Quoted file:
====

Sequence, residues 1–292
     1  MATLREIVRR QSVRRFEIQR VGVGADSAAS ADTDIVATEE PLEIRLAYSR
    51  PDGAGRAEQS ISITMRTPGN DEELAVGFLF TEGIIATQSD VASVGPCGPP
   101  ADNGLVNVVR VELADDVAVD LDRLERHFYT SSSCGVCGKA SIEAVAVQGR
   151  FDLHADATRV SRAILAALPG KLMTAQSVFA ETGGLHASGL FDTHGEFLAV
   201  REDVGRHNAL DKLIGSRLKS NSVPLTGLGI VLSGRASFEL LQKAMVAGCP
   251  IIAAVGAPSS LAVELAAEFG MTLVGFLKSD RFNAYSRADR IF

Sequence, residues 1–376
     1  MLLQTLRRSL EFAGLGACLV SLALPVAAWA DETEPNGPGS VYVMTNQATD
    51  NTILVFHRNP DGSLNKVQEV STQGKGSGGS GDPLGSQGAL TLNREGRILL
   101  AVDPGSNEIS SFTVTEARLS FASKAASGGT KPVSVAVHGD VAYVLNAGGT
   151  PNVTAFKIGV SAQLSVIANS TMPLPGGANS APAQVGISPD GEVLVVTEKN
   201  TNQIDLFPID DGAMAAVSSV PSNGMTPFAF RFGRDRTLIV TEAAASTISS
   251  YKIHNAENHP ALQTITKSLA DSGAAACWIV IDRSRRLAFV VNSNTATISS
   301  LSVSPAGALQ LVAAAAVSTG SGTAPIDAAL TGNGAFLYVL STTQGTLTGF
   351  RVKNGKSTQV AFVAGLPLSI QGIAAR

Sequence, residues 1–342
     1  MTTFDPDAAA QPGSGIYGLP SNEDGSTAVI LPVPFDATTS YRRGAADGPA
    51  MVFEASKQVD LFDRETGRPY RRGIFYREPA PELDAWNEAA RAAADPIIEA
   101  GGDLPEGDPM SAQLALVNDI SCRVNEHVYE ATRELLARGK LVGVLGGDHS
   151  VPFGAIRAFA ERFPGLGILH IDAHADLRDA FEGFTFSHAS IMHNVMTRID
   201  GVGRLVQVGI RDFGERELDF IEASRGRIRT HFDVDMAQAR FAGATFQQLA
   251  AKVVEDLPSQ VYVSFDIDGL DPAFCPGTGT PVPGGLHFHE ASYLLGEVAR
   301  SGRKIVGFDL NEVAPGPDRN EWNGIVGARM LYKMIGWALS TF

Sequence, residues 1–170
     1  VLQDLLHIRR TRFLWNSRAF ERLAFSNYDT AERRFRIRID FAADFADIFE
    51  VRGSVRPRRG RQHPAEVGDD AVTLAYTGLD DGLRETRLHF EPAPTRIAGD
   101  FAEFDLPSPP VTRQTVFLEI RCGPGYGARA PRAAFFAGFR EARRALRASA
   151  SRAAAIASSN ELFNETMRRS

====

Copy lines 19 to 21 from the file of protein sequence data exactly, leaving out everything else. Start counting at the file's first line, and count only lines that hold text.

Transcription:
    51  MVFEASKQVD LFDRETGRPY RRGIFYREPA PELDAWNEAA RAAADPIIEA
   101  GGDLPEGDPM SAQLALVNDI SCRVNEHVYE ATRELLARGK LVGVLGGDHS
   151  VPFGAIRAFA ERFPGLGILH IDAHADLRDA FEGFTFSHAS IMHNVMTRID